The “high school of the future” may not be what the Albemarle County School Board previously had in mind. It also might be built within school buildings that already exist.
The concept — which surfaced almost two years ago as a conversation focused on facility needs — has evolved into discussion about transforming how and what the schools teach.
“I do think we’ve reached a consensus that it’s not about the building, it’s about what we do,” said Steve Koleszar, a 20-year member of the School Board.
Initial conversations about a new high school included ideas such as increased amounts of online classes, internships and a building with no athletic fields designed to serve 600 to 800 students at a time, rather than the more than 1,000 students traditional comprehensive high schools serve.
“When we first talked about the high school of the future, we wanted to create a school climate where we could factor in all these things that we were talking about at the time,” said School Board member Jason Buyaki, saying that the board shouldn’t have started the discussion focused on the structure.
“In hindsight … it should have been curriculum and our method of instruction for the future, and that in turn trickles down to all your buildings and it redefines what you want to do,” Buyaki said.
As the division prepares for an upcoming redistricting to alleviate overcrowding at Albemarle High School and Greer Elementary School, school officials already have said a new $60 million comprehensive high school is not under consideration.
Pam Moran, superintendent of Albemarle County Public Schools, said one of the driving factors behind the new approach and its evolution is the division’s 12 lifelong learner competencies — a set of characteristics the division wants all of its students to embody.
According to the division’s website, the goal of the competencies is to ensure that students “learn beyond the simple recall of facts; understand the connections to and implications of what they learn; retain what they learn; and be able to apply what they learn in new contexts.”
“When you talk about kids being able to communicate ideas, defend arguments, use multiple forms of media, plan and conduct research, you don’t see those sorts of things embedded in the state Standards of Learning or in the state tests,” Moran said.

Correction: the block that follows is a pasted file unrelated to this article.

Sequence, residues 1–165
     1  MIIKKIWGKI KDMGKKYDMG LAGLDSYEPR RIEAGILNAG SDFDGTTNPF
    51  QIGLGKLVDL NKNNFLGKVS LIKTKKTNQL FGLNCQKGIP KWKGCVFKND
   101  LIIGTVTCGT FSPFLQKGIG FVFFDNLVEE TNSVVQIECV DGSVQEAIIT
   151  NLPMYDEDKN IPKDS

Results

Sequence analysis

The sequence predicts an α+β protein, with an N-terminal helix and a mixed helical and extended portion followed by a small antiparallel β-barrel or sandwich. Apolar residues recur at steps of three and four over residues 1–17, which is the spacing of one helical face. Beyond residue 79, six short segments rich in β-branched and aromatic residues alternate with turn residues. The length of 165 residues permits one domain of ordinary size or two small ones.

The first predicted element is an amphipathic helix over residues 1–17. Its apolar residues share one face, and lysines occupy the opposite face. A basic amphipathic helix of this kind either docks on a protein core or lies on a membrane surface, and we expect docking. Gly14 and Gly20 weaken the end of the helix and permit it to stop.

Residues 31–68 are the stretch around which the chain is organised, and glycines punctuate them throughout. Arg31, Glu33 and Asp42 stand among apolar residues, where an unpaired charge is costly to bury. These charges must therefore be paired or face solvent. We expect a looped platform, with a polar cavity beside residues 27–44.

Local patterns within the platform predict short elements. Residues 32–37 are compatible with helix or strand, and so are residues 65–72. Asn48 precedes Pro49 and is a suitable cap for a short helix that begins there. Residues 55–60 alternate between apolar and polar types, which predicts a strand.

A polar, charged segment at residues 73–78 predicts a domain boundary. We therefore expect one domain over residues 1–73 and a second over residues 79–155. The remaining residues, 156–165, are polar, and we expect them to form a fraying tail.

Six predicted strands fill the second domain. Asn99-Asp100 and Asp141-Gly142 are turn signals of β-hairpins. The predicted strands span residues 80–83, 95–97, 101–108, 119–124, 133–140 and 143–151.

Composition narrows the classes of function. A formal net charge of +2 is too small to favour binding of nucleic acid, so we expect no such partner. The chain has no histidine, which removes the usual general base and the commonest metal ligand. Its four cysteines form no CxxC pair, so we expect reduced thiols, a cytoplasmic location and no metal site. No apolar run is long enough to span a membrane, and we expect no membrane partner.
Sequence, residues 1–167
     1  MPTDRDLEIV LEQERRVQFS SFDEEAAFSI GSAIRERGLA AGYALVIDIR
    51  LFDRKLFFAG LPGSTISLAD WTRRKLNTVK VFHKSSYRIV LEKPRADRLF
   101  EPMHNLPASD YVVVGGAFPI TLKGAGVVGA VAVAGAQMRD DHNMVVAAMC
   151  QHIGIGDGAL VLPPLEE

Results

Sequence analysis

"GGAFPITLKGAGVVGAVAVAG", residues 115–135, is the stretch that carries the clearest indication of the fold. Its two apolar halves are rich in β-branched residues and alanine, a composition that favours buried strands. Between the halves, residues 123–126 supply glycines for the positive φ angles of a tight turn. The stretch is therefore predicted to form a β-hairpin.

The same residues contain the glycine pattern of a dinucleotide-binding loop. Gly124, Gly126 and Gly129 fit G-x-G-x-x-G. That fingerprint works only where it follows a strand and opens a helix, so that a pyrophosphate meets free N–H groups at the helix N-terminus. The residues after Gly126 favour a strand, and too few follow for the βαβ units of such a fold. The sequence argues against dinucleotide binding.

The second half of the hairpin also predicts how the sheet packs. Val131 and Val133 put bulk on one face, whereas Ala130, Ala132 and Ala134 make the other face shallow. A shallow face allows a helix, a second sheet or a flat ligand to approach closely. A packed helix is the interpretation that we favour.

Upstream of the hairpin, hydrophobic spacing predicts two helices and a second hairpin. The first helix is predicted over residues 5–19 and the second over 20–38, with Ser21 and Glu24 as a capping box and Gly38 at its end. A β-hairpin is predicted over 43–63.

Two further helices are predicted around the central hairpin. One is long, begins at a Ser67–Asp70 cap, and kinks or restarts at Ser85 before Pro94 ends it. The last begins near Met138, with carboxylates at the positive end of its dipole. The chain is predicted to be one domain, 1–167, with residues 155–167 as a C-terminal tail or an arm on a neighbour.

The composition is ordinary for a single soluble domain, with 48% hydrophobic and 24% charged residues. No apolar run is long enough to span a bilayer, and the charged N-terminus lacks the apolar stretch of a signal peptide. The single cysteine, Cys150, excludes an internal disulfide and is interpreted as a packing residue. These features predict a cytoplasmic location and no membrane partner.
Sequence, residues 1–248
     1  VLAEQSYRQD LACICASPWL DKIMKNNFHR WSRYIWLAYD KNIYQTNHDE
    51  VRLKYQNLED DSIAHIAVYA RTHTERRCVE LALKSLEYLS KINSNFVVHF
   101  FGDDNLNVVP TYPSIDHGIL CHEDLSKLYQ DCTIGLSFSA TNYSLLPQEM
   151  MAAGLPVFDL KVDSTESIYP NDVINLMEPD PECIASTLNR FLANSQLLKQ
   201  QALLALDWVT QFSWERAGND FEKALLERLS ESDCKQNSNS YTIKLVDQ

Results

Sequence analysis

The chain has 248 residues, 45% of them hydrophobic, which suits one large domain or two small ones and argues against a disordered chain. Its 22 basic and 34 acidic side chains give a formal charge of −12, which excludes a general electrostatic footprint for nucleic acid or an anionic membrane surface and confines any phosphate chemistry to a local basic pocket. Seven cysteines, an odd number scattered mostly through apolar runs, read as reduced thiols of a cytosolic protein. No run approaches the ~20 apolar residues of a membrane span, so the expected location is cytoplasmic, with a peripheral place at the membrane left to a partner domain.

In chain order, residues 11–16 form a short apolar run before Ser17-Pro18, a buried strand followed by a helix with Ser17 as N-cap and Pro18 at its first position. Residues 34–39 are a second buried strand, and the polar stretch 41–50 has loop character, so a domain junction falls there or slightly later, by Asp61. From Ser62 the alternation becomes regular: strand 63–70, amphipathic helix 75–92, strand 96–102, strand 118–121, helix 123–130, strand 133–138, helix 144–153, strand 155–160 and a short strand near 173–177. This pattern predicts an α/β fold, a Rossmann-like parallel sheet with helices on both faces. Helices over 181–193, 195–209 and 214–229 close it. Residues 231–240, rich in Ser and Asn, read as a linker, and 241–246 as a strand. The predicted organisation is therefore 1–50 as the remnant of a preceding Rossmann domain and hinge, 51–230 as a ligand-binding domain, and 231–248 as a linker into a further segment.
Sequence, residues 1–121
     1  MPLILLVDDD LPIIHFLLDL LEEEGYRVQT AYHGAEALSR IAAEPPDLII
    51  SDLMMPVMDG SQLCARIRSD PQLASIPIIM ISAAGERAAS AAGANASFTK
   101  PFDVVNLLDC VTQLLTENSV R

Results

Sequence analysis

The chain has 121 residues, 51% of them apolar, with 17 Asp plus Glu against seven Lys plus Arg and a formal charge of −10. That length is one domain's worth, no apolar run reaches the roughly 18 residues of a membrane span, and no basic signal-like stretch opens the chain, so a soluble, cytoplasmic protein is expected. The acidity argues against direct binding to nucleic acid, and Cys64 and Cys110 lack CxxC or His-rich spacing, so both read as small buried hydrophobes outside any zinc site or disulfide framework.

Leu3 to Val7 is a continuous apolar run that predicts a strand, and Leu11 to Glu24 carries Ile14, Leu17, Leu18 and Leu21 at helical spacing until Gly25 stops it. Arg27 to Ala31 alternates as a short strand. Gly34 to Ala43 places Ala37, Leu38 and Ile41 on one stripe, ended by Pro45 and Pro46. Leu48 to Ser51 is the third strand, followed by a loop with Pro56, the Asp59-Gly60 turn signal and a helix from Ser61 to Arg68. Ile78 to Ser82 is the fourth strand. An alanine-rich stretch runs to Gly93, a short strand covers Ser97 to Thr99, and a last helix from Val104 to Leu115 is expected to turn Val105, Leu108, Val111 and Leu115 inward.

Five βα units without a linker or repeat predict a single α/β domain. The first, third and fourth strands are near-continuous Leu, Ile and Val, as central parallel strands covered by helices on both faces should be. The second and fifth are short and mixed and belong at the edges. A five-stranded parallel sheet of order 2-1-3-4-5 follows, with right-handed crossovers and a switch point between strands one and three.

“That is our goal, so what are the pedagogies, the curriculum and the performance-based assessments that we need to do to really make sure that kids are getting experiences … they need in order to accomplish those competencies?” she asked.
“If you’re in a classroom where the teacher is standing at the front of the room lecturing for 90 minutes, you’re not planning and conducting research, you’re listening to somebody talk about somebody else’s research,” Moran said.
As notions of the high school of the future change, the School Board’s chairman, Ned Gallaway, encouraged board members not to focus their thinking only on the division’s oldest students.
“It’s not just the high school level,” Gallaway said. “It’s a broader conceptual issue that this has turned into.”
School Board member Kate Acuff agreed.
“I don’t think that you can have the high school of the future if you don’t have kindergarten through eight of the future, or pre-K through eight,” Acuff said.
Because the board wants to modernize learning spaces to better reflect the work environments students will enter, School Board member Jon Stokes suggested that virtual learning play an increased role in the division’s future.
Similarly, Moran said a pedagogical shift is necessary to prepare students for future jobs.
“How is it that we’re preparing kids for an economy that is in rapid change mode?” Moran asked. “We’re going to wipe a lot of people out of jobs if we don’t educate them differently for very different kinds of jobs in the future.”
“We’ve got to think in a different manner in order to deliver these opportunities to students,” Buyaki said.
After an October meeting in which the board learned that teachers and students wanted and needed more instructional time to devote to creative teaching and learning, the board last winter received feedback from a steering committee designed to provide ideas about how the high schools could innovate in the areas of both teaching and learning.
The most significant recommendation — piloted this year — allowed teachers to replace traditional final exams with longer, end-of-year assignments that required students to conduct research and demonstrate learning, Moran said.
“We had a significant number of teachers who chose to do that,” Moran said.
Division staff members are now working to implement a similar program in the middle schools, the superintendent said.
As the frame of the conversation has changed, moving forward, school officials said they will continue trying to articulate the division’s needs and to clarify the vision to achieve this new goal.